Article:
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Music Review - `Blood Red Moon` by Barbara Bergin (lz)

Barbara Bergin-- Blood Red Moon   (click on image to watch video)

 24 February 2020



Not every artist is born into the role of singer/songwriter. Some travel a circuitous route before finally hitting their stride and fulfilling their ultimate destiny.

Barbara Bergin is one such individual. She began her professional career as an orthopedic surgeon and then went on to become a public speaker, raise a family and, perhaps in the most unlikely scenario of all attained the status of being a “Year-End Champion Reiner” as certified by the South Texas Reining Horse Association and the Texas Reining Horse Association.

If you’re a bit confused about how that early trajectory led her to where she is now — that is, a proud bearer of a fine first album and an artist that belies the fact that she’s only on the opening stretch of what promises to be a long and prolific career — then you could hardly be blamed. Nevertheless, Bergin takes a down-home tack throughout Blood Red Moon, adhering to a well-trod folk, country and bluegrass template that’s very well suited to her affable vocals and easy, unassuming songs.

That said, there’s some variation in the material, which ranges from the traditional-sounding ballad “She Danced with the Young Prince of Wales” and the Celtic connection of “Three Eggs in my Apron,” to the rowdier bluegrass-based rave-ups “Like Father Like Son/Cluck Ol’ Hen” and “Possum’s in the Corn” and beyond to the spiritual sensibility of “Let’s Get On Up!.” Not surprisingly then, while the twelve-song set is comprised entirely of original material, most of the selections sound like well-trod standards, similar to vintage material that could have been newly adapted to suit Bergin’s initial outing. That’s certainly to her credit, given that the gentle repast of “Blood Red Moon,” “Warm Place” and “Captain of the Robert E. Lee” bear the intimacy of hearth and home, songs meant to be sung around the fire in the company of a small but attentive audience. There’s little here of heavy consequence lyrically (“City living can be alright if you don’t mind traffic, noise and lights,” she croons ever so convincingly on the song “My Life’s Good (Cuz I Don’t Live in the City)”), but both her contentment and commitment are clear and the songs come across as soothing as a soak in the hot tub at the end of a busy day.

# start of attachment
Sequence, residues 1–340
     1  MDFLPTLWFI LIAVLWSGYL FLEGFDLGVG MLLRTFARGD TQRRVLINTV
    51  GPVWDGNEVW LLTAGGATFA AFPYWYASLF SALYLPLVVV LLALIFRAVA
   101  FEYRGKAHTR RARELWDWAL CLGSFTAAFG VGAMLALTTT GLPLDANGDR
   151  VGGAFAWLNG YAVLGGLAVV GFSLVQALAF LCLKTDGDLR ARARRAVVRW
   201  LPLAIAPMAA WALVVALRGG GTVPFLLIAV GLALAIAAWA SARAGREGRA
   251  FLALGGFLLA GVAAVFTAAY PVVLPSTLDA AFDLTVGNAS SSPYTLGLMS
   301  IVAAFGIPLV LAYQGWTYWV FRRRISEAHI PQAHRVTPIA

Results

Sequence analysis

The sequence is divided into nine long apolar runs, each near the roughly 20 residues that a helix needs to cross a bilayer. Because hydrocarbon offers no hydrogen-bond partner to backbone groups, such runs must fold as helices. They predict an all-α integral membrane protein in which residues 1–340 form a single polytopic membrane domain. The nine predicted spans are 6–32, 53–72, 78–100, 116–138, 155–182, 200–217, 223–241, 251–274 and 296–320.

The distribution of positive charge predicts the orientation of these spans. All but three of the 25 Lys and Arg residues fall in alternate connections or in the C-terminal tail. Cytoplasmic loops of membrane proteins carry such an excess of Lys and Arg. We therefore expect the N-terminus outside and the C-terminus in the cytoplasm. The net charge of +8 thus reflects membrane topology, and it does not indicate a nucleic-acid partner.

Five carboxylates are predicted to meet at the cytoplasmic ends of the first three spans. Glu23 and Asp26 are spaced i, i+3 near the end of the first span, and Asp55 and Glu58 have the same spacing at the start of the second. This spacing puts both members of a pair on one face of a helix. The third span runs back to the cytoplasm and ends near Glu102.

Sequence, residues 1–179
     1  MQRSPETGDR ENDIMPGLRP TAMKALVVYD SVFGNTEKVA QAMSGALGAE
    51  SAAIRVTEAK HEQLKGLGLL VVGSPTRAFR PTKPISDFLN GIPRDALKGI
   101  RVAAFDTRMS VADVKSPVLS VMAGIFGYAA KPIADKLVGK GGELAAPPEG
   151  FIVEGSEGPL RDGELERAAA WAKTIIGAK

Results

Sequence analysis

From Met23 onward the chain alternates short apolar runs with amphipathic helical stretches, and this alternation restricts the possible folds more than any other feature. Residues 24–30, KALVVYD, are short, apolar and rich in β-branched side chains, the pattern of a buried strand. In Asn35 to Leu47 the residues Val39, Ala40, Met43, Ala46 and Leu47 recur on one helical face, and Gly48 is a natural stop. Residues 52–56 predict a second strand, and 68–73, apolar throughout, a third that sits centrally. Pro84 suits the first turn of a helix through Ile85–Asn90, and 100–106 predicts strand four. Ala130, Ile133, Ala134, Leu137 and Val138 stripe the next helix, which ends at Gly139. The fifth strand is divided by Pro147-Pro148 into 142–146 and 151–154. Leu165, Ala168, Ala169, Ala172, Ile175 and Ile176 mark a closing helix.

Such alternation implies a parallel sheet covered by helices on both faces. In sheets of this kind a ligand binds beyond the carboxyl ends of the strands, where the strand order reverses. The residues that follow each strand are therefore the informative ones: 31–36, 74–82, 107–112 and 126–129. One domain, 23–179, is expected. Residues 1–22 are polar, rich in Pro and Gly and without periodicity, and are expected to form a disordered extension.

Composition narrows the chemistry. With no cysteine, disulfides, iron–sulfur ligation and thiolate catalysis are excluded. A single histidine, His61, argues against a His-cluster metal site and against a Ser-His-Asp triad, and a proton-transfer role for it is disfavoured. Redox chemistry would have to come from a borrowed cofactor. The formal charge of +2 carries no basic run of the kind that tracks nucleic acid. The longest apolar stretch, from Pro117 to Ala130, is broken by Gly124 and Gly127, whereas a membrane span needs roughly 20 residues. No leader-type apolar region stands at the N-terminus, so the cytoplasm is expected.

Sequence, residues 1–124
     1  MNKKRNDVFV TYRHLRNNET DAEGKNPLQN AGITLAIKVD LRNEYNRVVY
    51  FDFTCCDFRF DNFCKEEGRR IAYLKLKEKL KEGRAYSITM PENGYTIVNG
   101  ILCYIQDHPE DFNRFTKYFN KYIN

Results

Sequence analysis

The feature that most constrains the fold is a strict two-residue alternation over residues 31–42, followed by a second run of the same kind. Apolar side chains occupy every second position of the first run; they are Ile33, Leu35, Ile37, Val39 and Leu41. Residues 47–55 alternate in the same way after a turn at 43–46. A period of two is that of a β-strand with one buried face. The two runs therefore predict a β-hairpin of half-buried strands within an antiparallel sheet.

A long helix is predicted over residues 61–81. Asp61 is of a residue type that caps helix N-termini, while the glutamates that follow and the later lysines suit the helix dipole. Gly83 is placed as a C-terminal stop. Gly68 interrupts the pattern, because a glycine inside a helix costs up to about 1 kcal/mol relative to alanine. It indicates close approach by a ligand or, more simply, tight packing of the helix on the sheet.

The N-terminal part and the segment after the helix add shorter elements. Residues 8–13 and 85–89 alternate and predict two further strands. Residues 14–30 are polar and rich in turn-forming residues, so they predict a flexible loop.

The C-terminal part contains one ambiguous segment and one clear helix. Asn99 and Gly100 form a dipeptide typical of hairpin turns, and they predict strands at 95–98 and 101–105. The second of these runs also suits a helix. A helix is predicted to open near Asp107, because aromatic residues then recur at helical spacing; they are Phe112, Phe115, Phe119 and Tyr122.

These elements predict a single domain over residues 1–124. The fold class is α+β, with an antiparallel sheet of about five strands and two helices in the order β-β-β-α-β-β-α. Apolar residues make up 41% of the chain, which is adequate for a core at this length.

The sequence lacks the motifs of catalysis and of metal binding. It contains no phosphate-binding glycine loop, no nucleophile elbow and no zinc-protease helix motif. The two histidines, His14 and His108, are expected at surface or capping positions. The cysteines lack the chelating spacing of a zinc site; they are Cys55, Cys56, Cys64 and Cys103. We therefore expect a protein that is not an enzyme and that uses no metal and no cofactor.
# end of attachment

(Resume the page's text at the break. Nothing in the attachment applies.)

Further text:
Granted, Bergin’s cheery disposition may ring hollow with those prone to cynicism, but it ought to be remembered that there’s value in simplicity and simply slowing down to avoid life’s hectic pace. Consequently, Blood Red Moon possesses all the additives needed to make a positive first impression even at the outset. 


 Lee Zimmerman


Lee Zimmerman

To Read All of Lee's Reviews, Click Here




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